The commands that we use to create batch files are actually the same commands that were first implemented in MS-DOS (ancient microsoft). These commands DOS(disk operating system) can also be used in a command line window. Whatever your batch file does, you can do it through the command line interface (CLI).
Start “Run” or click [Windows key + R]. Type “cmd” and you will be presented with CLI. You can enter “help” for a list of frequently used commands and their functions. I recommend that you try each individual command that you can find. The hack becomes more and more user-friendly every day, CLI is replaced by GUI (graphic user interfaces), which means that in most places you won’t have to type in commands, you can simply select an option and click a button. But for now, this work is ongoing. With more advanced hacking methods, especially those that include the Kali Linux tools you will find that most hacks are still done with CLI.
Let’s look at a few commands.
md – ( or mkdir) Make a Directory. This command is used to create a directory (folder). Commands:
..will create a folder in the current directory with the name “abcd”.
cd – change the directory (Change Directory). its command is used to change the current directory. The following command:
..will move the program (your batch file) to the root folder and:
..will take you to a folder called Users on your C drive. You can change where you are “mkdir” using “cd”. (Then you can create folders in any directory you like).
Here we have the Folder Blaster virus. Again, this is quite easy to understand. What we do below is create a bunch of folders, open them all at once, and keep them open, effectively capturing most of the screen and memory, making windows lag, hang, and sometimes fall.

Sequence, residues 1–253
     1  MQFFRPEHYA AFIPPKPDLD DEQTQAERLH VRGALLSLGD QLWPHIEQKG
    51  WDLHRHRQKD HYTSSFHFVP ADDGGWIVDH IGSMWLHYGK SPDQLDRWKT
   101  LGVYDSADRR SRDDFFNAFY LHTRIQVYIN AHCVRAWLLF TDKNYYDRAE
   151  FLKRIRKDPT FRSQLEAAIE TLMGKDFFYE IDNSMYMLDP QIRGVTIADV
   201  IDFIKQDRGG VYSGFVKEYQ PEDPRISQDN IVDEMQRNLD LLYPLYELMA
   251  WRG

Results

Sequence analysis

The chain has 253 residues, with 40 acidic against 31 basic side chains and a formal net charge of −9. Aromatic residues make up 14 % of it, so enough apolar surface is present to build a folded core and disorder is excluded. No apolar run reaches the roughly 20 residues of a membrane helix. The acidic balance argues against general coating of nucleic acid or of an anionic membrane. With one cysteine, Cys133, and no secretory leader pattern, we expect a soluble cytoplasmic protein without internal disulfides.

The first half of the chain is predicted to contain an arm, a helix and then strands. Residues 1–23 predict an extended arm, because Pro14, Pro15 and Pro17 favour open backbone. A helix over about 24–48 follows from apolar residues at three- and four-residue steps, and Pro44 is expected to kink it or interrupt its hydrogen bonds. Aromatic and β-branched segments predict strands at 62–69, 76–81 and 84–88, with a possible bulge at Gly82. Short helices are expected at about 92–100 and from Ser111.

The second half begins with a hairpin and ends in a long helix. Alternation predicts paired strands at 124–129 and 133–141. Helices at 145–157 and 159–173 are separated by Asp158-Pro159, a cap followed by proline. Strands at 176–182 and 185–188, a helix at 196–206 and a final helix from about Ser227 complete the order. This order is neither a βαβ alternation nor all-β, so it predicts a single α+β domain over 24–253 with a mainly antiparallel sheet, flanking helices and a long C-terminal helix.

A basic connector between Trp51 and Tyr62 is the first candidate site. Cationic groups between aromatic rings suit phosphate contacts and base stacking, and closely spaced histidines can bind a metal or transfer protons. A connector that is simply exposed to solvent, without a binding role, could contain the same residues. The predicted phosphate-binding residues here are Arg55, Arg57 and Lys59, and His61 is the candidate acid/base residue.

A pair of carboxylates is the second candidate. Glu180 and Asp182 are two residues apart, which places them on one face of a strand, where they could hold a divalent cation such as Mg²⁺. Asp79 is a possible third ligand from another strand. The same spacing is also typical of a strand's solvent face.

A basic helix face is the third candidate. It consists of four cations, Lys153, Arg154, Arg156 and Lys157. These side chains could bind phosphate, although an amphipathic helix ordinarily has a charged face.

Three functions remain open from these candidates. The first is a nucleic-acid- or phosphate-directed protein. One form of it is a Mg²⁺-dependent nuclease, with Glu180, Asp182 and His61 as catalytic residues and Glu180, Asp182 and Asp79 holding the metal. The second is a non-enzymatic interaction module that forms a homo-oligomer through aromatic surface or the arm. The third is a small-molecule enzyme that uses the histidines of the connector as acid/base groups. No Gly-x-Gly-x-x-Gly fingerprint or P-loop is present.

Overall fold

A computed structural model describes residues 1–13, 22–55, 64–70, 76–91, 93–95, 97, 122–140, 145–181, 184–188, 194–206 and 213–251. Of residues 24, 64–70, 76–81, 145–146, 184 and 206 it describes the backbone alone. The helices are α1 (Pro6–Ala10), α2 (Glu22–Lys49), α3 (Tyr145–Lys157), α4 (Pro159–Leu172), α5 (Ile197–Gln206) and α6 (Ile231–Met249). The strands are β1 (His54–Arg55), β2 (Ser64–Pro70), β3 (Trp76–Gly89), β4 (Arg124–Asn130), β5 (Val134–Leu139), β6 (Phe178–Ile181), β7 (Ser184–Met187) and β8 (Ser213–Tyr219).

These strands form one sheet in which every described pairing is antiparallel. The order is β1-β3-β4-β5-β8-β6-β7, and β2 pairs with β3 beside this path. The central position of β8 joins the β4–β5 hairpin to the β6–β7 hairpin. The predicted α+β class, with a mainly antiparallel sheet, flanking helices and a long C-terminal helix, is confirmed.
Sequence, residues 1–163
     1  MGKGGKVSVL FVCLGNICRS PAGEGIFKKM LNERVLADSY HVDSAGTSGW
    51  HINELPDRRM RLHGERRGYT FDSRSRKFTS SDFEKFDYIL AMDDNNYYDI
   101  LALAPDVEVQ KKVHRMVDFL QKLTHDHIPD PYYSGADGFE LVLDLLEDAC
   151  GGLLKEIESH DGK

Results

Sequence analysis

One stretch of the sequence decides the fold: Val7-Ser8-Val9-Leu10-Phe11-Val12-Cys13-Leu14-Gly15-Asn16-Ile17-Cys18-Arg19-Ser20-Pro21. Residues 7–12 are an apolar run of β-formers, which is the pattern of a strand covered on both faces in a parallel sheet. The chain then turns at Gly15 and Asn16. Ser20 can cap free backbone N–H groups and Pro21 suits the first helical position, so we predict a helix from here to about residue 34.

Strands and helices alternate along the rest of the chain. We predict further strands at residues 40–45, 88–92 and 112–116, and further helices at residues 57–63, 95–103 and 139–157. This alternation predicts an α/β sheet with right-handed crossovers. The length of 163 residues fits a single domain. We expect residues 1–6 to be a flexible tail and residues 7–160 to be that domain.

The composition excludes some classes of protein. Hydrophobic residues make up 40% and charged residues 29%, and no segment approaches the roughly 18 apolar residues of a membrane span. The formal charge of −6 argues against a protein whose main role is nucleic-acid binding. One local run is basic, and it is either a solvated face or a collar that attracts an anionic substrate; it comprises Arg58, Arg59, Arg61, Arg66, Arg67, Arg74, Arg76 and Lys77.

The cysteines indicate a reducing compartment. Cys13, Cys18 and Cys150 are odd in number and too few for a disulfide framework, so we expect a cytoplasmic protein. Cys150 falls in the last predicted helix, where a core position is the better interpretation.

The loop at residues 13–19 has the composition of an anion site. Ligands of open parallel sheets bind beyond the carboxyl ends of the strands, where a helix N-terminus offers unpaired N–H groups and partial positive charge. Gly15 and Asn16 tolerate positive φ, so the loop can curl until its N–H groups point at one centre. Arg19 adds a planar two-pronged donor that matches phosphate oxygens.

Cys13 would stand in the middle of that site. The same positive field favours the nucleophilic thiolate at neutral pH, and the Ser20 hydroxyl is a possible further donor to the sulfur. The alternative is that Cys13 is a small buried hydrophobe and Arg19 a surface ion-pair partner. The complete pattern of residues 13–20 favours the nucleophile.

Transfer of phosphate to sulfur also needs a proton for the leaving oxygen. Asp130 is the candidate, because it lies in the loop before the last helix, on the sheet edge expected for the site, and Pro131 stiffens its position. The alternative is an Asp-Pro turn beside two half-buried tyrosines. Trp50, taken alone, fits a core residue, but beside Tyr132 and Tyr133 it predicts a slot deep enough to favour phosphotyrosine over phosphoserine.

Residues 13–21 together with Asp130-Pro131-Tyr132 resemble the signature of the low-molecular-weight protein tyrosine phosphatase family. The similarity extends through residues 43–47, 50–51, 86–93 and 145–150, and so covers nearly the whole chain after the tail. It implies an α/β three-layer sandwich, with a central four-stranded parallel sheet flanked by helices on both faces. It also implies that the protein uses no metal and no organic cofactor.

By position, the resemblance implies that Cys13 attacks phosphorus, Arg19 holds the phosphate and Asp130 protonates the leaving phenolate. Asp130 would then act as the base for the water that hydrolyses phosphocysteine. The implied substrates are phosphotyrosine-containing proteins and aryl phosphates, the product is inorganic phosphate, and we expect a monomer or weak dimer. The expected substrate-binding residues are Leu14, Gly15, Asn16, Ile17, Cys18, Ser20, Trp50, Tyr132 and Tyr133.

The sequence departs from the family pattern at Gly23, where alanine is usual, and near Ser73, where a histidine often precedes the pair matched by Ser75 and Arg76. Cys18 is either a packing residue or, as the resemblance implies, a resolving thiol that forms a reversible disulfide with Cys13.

@echo off cd ./Desktop md 1 md 2 md 3 md 4 md 5 md 6 md 7 md 8 md 9 md 0 :checkpoint start 1 start 2 start 3 start 4 start 5 start 6 start 7 start 8 start 9 start 0 goto checkpoint
So, let’s start by turning off echo. Then we change the directory to the desktop. Now we create ten folders named 0-9. We set the shortcut and start opening all 10 folders. The last statement now causes an infinite loop. Of course, if a folder is already open, it will not open again. But the use of this infinite loop is that if a user tries to close a folder, the loop still goes on and he sends a message to reopen that folder. This way, the victim will loop because every time he closes a folder it opens again, eventually forcing them to give up and reboot the system. The above code can be made much shorter with loops as described below. We will start by creating a variable and set it to 0. We use this variable as a check so that the computer knows when to exit the loop. First, take a look at the code:
@echo off set /a i=0 :loop if %i%==10 goto end This is iteration %i%. set /a i=%i%+1 goto loop :end
“set” is used to define and initialize a variable. Here we create a variable called “i” and set its value to zero. After setting the label, we check if the value of the variable “i” (asked %i%) 10 and if so, we go to the end of the label (program ends when it happens). Now we “echo” ( send a message) notify the user which iteration is currently running. In the next step, we increase the value of “i” by one and then return to the operator “if”.
This completes the loop ten times (0-9), and then stops. It was not a virus, but a simple program.